The excitement surrounding Bernie Sanders’ presidential bid has many on the left hoping that Americans are ready to embrace socialism. That would be something. After the Republicans renominated Richard Nixon in 1968, James Reston of the New York Times called Nixon’s victory at the convention “the greatest comeback since Lazarus.” If Sanders raises socialism from the dead, that resurrection will surely top Nixon’s.
So, just what is Sanders’ socialism? As analogs to his own program, Sanders points to the policies of Franklin D. Roosevelt’s New Deal and the social democracies of northern Europe. As a liberal, I find a lot to like about both of those. But Sanders’ portrayal of democratic socialism as nothing but the New Deal is a disingenuous sleight of hand that plays on foggy historical memories. And his comparison to Nordic social democracy is equally misleading: Much of Sanders’s platform ignores the economic realities that European socialists long ago accepted.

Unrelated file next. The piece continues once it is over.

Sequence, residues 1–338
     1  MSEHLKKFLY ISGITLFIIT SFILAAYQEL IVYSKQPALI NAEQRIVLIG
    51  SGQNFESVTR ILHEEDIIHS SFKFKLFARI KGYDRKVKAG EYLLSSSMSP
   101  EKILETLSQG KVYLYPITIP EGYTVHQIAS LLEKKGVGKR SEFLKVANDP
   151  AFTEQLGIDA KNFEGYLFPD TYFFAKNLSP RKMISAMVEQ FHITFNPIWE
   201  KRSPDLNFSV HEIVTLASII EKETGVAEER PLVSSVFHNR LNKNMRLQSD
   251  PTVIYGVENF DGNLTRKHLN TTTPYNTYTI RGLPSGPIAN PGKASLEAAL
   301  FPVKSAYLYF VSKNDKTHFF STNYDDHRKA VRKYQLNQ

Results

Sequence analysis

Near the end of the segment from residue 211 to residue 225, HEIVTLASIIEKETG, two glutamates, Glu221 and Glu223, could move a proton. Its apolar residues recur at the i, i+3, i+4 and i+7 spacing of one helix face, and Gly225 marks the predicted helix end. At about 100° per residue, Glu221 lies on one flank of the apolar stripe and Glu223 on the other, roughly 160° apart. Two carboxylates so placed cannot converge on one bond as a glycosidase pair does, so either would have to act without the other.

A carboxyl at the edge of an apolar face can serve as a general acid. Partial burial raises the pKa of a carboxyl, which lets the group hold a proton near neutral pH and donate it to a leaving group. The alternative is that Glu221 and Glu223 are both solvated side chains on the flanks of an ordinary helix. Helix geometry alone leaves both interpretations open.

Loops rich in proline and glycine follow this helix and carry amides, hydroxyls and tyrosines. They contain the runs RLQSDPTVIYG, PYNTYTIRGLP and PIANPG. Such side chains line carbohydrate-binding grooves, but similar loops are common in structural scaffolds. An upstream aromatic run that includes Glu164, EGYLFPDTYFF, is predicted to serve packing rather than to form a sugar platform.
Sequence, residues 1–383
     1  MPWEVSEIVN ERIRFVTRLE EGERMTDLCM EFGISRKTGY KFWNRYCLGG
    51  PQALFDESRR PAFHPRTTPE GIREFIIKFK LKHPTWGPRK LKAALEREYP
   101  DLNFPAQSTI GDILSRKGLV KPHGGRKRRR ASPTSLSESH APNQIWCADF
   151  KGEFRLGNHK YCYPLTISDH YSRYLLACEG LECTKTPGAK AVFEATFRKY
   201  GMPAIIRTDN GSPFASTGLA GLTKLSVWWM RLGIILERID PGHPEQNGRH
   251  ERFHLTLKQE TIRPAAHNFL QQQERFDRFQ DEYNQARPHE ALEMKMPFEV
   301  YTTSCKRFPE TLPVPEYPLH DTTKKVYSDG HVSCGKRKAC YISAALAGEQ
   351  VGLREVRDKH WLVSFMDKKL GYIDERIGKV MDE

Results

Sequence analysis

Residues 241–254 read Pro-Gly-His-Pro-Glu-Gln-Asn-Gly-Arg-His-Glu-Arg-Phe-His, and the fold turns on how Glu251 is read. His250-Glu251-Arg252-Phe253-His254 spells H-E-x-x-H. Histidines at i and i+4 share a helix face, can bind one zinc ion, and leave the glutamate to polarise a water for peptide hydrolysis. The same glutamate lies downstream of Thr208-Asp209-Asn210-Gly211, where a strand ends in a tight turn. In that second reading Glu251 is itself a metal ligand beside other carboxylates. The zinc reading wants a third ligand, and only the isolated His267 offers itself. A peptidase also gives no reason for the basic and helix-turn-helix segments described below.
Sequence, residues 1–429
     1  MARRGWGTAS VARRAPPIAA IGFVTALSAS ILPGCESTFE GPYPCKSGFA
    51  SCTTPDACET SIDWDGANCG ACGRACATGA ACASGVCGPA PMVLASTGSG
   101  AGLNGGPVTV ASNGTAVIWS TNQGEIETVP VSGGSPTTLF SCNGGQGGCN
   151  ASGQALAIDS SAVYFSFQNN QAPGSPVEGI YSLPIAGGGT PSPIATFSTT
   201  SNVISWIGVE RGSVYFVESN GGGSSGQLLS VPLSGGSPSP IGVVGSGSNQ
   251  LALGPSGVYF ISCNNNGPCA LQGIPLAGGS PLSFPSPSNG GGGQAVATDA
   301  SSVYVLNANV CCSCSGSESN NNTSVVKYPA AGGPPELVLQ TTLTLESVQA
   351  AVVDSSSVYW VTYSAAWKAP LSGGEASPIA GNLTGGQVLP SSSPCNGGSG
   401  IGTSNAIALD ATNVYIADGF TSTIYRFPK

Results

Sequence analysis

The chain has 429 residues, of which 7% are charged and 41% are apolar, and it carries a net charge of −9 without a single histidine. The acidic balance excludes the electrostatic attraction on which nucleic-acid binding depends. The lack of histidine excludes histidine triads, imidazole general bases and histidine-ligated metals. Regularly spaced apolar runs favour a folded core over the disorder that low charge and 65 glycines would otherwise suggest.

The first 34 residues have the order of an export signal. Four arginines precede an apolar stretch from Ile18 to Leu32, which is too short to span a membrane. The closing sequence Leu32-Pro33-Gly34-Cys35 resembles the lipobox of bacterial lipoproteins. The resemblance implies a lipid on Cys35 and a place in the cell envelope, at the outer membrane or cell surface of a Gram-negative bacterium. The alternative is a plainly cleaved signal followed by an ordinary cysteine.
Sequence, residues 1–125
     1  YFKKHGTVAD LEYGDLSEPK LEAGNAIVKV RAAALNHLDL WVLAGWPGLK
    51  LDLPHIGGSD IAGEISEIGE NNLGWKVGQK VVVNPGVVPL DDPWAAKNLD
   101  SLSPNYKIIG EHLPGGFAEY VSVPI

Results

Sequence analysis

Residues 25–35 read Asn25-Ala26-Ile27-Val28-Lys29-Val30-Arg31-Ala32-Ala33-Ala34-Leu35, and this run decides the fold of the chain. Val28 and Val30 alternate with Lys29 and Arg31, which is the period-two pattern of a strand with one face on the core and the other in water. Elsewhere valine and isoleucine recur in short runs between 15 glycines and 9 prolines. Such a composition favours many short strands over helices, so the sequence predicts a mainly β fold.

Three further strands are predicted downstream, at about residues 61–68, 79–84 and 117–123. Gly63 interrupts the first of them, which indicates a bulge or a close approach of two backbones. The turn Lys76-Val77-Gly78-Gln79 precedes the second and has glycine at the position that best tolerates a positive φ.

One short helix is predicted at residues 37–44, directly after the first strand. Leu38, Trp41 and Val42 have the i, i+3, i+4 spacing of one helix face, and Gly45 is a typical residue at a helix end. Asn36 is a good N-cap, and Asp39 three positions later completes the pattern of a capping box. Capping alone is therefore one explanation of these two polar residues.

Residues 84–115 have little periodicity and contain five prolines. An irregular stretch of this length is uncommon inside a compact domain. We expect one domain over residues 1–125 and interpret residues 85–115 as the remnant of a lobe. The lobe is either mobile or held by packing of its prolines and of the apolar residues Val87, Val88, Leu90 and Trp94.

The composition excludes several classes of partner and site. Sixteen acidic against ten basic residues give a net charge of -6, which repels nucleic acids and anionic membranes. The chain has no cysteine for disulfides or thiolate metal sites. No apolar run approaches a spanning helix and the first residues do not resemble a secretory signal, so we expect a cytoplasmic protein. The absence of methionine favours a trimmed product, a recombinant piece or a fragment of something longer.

Many people may be inclined to interpret Sanders’ calls for a revolution as just a rhetorical flourish. I think we should take it seriously. His policies are rooted in a socialist framework rather than a liberal one. And despite what Republicans may say, there’s a big difference between socialism and liberalism. Democrats and independents attracted to Sanders ought to think twice before shrugging off his self-description as a socialist.